According to our recent global travel survey, consumers are still prioritising leisure travel in 2023 despite financial constraints. However, the question remains: are they willing to prioritise sustainability as well?
The pandemic reignited the sustainability debate, as the closure of the travel industry and other modes of transportation forced consumers to reflect on their environmental impact. An IBM study revealed that 93% of global respondents believed COVID-19 affected their views on sustainability, with 40% prioritising environmental impact over cost, comfort, and convenience.
But now, two years later, do these views still hold strong in the travel industry? And how do consumers' views on sustainability affect their decision-making?
Our survey indicates a disconnect between consumers wanting greater sustainability without wanting to pay a potential price premium. While 75% of respondents view sustainable travel as important, only half are willing to pay for it. Of those willing to pay extra, almost half would only pay up to 20% more for a holiday or a more sustainable mode of transportation.
Diving a little deeper, and as illustrated in the graphic above, if we consider the three factors of cost, convenience and comfort from IBM’s 2021 study, our 2023 survey would suggest that the more costly or less comfortable sustainability measures in leisure travel have yet to form a groundswell of changed behaviours.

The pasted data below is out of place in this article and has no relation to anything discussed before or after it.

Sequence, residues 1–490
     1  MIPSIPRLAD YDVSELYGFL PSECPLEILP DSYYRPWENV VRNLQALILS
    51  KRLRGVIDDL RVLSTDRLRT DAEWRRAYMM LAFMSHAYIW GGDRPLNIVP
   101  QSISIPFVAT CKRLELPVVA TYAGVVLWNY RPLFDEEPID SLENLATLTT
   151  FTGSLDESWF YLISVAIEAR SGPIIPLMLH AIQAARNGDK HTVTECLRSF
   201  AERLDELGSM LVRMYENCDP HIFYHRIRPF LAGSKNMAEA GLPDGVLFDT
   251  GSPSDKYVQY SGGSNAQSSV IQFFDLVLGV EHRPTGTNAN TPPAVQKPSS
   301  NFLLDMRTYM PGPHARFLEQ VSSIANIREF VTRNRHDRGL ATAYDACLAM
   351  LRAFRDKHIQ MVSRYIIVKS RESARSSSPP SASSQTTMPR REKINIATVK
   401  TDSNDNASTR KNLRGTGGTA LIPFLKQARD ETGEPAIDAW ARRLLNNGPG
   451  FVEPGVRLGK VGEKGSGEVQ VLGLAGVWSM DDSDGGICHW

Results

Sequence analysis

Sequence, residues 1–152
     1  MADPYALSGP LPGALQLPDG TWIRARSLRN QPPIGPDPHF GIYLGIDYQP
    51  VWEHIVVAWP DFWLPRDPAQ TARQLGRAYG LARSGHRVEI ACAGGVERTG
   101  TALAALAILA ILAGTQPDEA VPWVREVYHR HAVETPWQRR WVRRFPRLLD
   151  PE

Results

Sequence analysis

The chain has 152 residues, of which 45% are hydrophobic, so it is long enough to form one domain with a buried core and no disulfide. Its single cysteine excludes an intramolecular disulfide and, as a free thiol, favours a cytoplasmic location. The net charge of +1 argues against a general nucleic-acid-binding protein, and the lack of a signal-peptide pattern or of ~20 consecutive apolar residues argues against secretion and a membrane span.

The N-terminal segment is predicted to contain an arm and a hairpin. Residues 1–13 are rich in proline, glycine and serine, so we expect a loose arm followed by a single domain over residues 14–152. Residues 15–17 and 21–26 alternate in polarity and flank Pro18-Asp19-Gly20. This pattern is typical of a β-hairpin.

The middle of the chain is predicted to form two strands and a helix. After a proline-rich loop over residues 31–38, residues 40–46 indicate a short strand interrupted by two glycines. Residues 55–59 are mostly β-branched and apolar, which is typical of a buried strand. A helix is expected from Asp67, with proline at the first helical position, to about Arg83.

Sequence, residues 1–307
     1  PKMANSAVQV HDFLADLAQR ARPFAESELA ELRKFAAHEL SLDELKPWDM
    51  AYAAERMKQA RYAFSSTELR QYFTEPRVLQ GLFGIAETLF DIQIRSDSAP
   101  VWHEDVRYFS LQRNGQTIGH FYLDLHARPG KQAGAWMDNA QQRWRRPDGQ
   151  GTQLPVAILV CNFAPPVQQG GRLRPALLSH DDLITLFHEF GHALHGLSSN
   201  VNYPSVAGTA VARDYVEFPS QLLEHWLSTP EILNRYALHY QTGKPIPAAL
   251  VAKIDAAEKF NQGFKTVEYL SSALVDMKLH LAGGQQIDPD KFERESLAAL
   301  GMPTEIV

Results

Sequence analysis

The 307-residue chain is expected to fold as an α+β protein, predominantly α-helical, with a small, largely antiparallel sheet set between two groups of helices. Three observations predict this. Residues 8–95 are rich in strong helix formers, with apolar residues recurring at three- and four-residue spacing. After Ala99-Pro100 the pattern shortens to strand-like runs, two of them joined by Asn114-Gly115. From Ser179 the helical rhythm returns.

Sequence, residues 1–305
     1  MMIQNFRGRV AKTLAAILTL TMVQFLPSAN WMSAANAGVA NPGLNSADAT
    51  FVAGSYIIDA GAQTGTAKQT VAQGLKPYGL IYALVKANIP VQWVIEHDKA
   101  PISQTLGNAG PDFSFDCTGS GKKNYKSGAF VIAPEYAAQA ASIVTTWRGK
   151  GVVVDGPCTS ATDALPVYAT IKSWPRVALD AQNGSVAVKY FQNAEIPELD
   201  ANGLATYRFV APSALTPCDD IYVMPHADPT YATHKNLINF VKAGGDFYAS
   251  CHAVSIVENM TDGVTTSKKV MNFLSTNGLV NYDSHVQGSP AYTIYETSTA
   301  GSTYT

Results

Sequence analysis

The relative convenience of researching the sustainability policies of travel companies, hotels or airlines appears to have tipped in favour of positive action, however, with 56% stating they were somewhat or very likely to do so.
The latter point rubber-stamps the importance of clarity of communication to consumers and broader stakeholder groups from operators in promoting their progress to a more sustainable future.
And as Laura Meyer, CEO of Hotelplan, outlined in our recent panel discussion focused on our data findings, we should perhaps be optimistic when looking at these numbers rather than disappointed that they aren’t higher.
While operators have many sustainability challenges to overcome – from scaling up Sustainable Aviation Fuel (SAF) to simply wrestling down the huge impact of Scope 3 emissions within operator supply chains – there is clearly an appetite for change.
How that is harnessed, in a way that balances consumer propensity to pay alongside the huge investments required by travel industry operators to remain profitable on the path towards sustainable transition, could prove an even bigger challenge than the one that was presented by the pandemic.